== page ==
Covid-19 has exposed a critical need for whistleblowers in the pharmaceutical industry. In March 2020, the United States Food and Drug Administration (FDA) suspended all routine inspections of domestic and foreign drug manufacturing plants. With inspections halted, pharma whistleblowers are needed to fill the oversight void.
In normal times, foreign inspections have been a challenging task for the FDA. Accomplishing inspections overseas is difficult because such inspections often must be preannounced, which gives drug manufacturers time to hide problems. Additionally, operating in a foreign country comes with barriers of access, language problems, and a shortage of qualified personnel. While FDA is doing what it can, the U.S. Government Accountability Office has long-standing concerns about FDA’s ability to oversee the global supply chain.
That is very troubling given that an estimated 40% of finished drugs and 80% of active drug ingredients consumed in the United States are manufactured abroad. Most drug manufacturing occurs in China and India, where quality and data integrity violations have been all too common.
There were problems before, but Covid-19 changed everything. There is now a massive backlog of plants needing to be inspected. To put things in perspective, in fiscal year 2019, FDA conducted almost 500 inspections in China and India. From March to September in 2018 and 2019, FDA conducted more than 600 foreign inspections in total. From March to October 2020, FDA conducted just three “mission critical” foreign inspections.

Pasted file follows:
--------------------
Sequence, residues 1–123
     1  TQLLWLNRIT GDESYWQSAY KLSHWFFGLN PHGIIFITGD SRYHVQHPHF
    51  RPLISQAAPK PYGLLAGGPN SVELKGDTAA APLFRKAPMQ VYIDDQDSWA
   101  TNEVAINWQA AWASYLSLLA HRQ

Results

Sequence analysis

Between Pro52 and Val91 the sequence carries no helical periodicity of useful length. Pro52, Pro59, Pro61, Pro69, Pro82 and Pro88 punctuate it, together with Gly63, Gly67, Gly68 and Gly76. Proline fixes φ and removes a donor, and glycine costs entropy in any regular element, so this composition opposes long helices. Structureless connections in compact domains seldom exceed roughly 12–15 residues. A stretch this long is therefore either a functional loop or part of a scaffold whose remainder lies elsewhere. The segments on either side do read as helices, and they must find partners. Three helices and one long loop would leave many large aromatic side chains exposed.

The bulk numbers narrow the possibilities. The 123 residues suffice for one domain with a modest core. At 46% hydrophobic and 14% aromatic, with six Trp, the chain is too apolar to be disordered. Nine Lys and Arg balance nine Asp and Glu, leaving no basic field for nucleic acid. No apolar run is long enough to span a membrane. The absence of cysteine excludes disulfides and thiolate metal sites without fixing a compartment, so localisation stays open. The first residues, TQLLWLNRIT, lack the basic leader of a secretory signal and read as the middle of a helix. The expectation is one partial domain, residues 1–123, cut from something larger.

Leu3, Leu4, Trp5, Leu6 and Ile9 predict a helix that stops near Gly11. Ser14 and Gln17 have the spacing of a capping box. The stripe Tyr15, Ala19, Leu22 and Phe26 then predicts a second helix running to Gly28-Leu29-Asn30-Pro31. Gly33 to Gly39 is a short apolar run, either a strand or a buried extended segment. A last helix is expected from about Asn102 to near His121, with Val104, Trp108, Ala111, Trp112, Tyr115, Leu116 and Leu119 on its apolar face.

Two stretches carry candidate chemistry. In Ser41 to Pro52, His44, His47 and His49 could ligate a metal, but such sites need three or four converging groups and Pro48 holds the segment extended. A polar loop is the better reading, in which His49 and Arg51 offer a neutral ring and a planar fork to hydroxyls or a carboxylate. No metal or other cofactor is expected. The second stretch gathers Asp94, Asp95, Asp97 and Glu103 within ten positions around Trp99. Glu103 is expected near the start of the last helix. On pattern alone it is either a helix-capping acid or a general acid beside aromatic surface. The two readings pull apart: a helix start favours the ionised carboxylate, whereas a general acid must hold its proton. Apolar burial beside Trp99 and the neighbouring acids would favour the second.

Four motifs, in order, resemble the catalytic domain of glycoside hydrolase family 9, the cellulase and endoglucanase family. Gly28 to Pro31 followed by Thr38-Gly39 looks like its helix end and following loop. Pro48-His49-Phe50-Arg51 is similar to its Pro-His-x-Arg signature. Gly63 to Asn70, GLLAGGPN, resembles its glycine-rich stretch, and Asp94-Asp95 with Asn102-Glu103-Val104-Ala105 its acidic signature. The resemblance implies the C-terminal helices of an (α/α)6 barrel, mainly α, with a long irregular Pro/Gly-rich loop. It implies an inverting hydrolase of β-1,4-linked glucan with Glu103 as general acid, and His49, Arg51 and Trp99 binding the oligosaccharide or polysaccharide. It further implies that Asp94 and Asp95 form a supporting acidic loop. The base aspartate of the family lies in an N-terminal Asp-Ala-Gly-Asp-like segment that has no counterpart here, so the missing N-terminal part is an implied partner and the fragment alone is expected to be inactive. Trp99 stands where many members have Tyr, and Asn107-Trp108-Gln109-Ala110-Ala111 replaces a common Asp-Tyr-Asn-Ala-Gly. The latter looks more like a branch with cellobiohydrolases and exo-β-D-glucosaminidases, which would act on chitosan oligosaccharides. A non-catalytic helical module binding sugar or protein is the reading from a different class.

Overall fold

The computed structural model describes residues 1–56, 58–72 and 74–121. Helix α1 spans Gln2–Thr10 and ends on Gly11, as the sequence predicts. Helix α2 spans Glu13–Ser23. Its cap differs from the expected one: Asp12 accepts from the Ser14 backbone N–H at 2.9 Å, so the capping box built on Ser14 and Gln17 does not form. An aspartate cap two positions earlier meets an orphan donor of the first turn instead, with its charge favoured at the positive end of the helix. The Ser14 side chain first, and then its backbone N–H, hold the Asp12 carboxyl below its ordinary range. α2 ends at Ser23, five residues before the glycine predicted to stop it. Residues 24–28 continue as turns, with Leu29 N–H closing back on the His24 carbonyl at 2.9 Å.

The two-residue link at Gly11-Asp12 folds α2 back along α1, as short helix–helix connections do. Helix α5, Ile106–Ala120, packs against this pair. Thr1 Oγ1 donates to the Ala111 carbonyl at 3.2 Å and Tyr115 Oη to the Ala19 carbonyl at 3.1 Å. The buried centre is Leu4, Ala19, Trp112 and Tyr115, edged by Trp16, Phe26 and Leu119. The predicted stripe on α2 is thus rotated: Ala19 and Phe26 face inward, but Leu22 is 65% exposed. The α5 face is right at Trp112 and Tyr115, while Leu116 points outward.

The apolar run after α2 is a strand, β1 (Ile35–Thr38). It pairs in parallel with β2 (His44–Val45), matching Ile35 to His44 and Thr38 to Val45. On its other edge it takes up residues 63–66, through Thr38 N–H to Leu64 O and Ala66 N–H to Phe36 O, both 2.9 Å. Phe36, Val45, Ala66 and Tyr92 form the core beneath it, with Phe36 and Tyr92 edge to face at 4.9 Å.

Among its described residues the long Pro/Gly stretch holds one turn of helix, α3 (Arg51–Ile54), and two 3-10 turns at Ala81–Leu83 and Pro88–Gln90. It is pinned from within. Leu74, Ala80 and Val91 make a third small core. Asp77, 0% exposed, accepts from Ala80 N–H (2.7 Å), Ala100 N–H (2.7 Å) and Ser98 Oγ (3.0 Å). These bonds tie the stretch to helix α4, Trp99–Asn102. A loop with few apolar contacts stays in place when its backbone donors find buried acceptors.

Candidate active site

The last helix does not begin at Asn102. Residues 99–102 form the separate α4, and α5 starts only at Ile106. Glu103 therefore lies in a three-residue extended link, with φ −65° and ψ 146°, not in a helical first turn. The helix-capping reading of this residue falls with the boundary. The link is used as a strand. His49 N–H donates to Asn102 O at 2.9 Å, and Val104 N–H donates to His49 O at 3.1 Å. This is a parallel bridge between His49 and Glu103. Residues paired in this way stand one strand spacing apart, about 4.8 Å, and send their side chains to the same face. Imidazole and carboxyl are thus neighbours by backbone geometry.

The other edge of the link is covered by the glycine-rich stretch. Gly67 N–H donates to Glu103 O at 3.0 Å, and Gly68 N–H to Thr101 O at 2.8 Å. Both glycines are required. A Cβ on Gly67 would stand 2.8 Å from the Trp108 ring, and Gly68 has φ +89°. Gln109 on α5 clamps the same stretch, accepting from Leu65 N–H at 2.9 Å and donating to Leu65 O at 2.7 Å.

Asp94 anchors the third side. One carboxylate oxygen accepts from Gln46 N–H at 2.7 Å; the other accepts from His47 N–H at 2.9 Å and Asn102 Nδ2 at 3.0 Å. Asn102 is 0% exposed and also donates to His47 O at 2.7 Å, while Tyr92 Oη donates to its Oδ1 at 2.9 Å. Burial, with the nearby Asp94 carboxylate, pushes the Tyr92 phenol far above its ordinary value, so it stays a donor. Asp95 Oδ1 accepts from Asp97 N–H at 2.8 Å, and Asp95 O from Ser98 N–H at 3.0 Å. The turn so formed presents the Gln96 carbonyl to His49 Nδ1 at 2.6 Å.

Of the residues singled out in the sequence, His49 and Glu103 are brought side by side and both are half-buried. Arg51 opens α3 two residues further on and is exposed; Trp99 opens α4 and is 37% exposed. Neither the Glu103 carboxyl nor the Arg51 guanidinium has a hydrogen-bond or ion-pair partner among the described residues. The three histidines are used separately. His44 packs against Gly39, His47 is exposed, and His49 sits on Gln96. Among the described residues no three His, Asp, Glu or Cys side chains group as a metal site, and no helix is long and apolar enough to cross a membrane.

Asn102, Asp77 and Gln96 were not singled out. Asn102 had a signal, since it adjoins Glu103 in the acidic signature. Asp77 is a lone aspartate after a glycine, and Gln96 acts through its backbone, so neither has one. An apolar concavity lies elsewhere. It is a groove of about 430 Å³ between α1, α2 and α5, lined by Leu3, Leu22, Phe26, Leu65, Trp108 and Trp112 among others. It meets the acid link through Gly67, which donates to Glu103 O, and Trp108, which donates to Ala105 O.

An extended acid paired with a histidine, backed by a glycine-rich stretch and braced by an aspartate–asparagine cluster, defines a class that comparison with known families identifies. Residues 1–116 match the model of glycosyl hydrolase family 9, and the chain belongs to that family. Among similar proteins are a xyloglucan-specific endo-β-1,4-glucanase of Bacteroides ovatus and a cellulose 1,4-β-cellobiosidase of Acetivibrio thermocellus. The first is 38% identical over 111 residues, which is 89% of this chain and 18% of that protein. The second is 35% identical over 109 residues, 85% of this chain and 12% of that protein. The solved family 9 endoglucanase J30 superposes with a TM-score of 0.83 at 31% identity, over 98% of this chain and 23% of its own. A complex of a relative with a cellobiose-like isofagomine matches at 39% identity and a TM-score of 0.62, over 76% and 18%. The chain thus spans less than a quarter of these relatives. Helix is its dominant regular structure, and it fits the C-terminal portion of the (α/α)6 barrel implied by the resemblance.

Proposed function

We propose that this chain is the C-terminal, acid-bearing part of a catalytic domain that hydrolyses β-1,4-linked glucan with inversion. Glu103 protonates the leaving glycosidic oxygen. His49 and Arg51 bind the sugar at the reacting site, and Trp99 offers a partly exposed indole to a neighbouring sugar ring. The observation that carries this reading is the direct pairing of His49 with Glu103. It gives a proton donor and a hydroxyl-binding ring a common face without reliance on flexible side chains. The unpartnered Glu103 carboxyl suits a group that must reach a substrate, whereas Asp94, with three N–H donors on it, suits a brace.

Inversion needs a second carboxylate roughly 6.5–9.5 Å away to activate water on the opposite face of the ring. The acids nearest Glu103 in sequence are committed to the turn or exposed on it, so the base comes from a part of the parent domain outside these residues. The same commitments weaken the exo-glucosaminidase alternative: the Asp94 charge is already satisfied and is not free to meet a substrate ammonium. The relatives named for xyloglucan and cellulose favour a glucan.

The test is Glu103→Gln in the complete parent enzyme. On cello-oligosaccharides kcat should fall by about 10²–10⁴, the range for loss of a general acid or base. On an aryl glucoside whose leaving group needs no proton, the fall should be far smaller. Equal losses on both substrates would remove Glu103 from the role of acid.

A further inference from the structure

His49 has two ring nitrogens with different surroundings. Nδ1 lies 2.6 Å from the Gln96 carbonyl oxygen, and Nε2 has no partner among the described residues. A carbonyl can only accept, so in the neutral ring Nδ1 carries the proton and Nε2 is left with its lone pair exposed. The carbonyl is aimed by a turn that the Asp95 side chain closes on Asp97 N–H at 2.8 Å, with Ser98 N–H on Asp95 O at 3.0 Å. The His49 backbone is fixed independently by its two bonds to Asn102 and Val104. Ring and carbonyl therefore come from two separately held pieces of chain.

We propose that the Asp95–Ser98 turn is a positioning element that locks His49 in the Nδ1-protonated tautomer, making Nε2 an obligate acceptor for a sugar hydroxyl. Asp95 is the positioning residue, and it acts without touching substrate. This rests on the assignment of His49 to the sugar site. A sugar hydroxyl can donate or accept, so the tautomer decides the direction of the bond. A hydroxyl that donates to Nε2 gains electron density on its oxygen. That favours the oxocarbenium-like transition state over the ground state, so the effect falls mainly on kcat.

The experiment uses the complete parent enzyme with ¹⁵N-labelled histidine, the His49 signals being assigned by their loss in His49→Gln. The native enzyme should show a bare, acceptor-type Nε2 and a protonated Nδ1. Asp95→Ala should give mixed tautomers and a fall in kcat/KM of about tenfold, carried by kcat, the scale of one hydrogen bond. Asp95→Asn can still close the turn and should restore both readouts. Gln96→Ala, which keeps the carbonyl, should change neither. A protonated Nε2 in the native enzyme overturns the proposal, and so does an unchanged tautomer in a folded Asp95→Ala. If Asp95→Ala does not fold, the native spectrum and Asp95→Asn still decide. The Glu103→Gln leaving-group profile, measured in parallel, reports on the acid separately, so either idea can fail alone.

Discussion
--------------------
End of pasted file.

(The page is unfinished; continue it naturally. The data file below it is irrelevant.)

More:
This absence of FDA oversight greatly increases the risk of fraud. The old adage “when the cat is away, the mice will play” aptly describes the massive regulatory void that presently exists. In this environment, we need whistleblowers now. We need insiders at the drug companies to come forward and report problems. We can’t rely on drug companies to police themselves. There were quality issues in drug manufacturing before Covid, and in this time of crisis, we can expect some opportunistic manufacturers to cut corners.
Fortunately, the False Claims Act provides a trusted solution. The False Claims Act has been utilized with great success to fight pharmaceutical fraud. In 2010, GSK paid $750 million to resolve criminal and civil liability for manufacturing deficiencies at its Puerto Rico plant. In 2013, India’s largest drug manufacturer, Ranbaxy, paid $500 million to resolve False Claims Act allegations. In 2015, Qualitest Pharmaceuticals paid $39 million in a civil fraud settlement. In 2017, Baxter Healthcare Corporation paid more than $18 million to resolve criminal and civil liability for its sterile products. These are just a few examples.
If a company fails to follow current Good Manufacturing Practices (cGMPs), the drugs they produce may not meet their specified strength, purity, dosage, or other properties. When that happens, the government is not getting what it paid for. The government expects when it buys a certain drug, through various healthcare programs, such as Medicare, Medicaid, or TRICARE, that the drug is what it purports to be. If cGMPs are not followed, however, what is actually produced is an unknown and unapproved drug. That is fraud.
If you are aware of pharmaceutical fraud, your first step should be to speak with a lawyer. Importantly, since so much drug manufacturing occurs abroad, even foreign citizens can be entitled to a monetary award for their knowledge of fraud. That award is a portion of what the government recovers—which can be substantial.
The attorneys at Helmer Martins Rice & Popham have litigated some of the toughest and most complex cases in the country. We have prosecuted False Claims Act cases on behalf of whistleblowers longer than any law firm in America. If you are a potential whistleblower, please contact us.